JPMorgan Restates Results, Delays Buyback As Firm Still Haunted By Whale's Ghost

| About: JPMorgan Chase (JPM)

JPMorgan Chase (NYSE:JPM) and everyone's favorite Whale are back in the news today and if you're a shareholder, the news isn't what you want to hear. Recall that way back on May 21, Jamie Dimon said that by the fourth quarter of this year no one would be talking about the CIO losses anymore--this sentiment has been echoed by a number of JPMorgan supporters as the "tempest in a teapot" assertion lives on in spirit even after Mr. Dimon retracted it before Congress.

One internal investigation, three possible scapegoats (Iksil, Martin-Artajo, and Macris), and one restated first quarter VaR later and the thorny little multi-billion dollar loss just doesn't want to go away. On Thursday, the bank filed its amended first-quarter 10Q, which now shows the bank earned $4.92 billion during the period, $459 million less than it reported originally. The bank now says it earned $1.19 per share during the quarter compared with the originally reported $1.31.

Of course, if you read the 8K the company filed before it released second-quarter earnings, this won't come as any surprise. What may be a bit unexpected however is that the firm said Thursday it now expects the resumption of share buybacks to be delayed by at least three months. Previously, Dimon indicated that he expected share repurchases to resume during the fourth quarter, but the firm now says only that it "hopes" to restart the program in the first quarter of 2013.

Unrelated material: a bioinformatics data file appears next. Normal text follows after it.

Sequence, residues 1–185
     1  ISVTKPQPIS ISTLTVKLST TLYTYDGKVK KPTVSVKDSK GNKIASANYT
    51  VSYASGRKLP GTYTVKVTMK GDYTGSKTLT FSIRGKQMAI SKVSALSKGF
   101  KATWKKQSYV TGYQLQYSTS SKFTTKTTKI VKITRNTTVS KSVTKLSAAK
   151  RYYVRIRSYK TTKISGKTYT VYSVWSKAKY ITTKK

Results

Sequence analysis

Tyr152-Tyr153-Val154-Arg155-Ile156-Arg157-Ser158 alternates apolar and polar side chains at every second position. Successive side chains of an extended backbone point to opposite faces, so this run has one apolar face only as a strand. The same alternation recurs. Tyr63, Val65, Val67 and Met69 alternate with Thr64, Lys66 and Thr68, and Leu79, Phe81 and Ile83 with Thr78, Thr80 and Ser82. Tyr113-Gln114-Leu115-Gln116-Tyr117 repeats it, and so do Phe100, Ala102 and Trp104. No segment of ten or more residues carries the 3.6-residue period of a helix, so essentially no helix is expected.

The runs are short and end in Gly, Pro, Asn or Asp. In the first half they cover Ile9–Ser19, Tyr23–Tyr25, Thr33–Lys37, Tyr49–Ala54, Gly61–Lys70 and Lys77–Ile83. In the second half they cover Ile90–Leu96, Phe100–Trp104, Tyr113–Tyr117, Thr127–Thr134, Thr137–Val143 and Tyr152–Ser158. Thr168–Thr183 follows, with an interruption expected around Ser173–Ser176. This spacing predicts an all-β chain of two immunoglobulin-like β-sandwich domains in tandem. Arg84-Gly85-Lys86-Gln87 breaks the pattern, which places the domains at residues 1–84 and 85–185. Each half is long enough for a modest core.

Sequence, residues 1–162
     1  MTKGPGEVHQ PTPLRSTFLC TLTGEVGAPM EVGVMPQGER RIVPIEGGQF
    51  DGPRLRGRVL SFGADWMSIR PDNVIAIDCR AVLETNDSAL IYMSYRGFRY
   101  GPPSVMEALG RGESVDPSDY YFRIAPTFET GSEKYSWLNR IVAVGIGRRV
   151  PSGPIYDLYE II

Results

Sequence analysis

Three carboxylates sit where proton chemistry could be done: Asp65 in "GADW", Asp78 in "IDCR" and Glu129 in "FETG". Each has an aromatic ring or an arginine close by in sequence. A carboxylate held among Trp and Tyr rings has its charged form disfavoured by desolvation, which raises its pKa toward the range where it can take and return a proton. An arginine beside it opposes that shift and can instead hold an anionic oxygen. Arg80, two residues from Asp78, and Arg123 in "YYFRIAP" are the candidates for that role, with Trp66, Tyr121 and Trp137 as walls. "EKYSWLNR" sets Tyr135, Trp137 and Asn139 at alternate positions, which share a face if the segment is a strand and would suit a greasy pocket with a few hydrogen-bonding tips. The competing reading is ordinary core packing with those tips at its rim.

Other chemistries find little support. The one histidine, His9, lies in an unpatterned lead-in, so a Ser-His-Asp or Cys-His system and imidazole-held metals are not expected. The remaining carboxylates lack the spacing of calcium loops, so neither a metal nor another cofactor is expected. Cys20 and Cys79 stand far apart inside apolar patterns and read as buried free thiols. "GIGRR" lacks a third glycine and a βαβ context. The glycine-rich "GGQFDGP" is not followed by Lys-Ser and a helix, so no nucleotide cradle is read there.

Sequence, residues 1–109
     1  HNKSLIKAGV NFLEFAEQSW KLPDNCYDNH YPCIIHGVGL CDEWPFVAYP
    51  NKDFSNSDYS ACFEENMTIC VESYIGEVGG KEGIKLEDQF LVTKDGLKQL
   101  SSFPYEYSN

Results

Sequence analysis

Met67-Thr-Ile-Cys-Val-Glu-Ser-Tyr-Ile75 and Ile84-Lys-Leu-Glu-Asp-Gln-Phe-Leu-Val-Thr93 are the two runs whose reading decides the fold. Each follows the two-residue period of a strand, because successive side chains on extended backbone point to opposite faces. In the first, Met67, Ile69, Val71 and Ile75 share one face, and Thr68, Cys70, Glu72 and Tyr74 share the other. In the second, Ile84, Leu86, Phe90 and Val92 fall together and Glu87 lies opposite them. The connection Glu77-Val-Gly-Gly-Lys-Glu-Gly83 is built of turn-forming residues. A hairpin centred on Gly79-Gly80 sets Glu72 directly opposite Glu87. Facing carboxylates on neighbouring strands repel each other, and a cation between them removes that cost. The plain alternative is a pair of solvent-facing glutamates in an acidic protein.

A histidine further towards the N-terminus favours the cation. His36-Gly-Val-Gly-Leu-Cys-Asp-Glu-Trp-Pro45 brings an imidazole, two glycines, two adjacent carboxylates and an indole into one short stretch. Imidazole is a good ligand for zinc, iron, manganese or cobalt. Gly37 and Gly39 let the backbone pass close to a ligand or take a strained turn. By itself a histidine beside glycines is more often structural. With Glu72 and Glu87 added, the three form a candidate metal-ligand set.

This of course virtually assures that people will indeed still be talking about the Whale into and past the fourth quarter of this year and investors shouldn't expect this issue to just disappear. Recently, the Wall Street Journal reported that the bank's internal probes suggest Javier Martin-Artajo (an executive) prodded Bruno Iksil to mismark the unit's CDS book. Mr. Martin-Artajo vehemently denies the allegations and the probe is ongoing.

Shareholders are essentially being asked to trust that nothing will come out in the course of the investigation that will implicate anyone other than a few bad apples at the CIO office. This seems like a leap of faith considering the backtracking the firm has already done in regards to the loss. Consider also that although the losses on the trade totaled "only" $5.8 billion in the second quarter (triple the firm's original estimate), investors were warned that not all the losses had been booked. Between these concerns and banks' reduced ability to earn in the new regulatory climate, I see very little reason to own these shares. I would advise investors to find somewhere to park their money other than shares of JPMorgan. If you're the enterprising type, you might even short the shares on the notion that future whale-related revelations will result in a precipitous decline.

Disclosure: I have no positions in any stocks mentioned, and no plans to initiate any positions within the next 72 hours.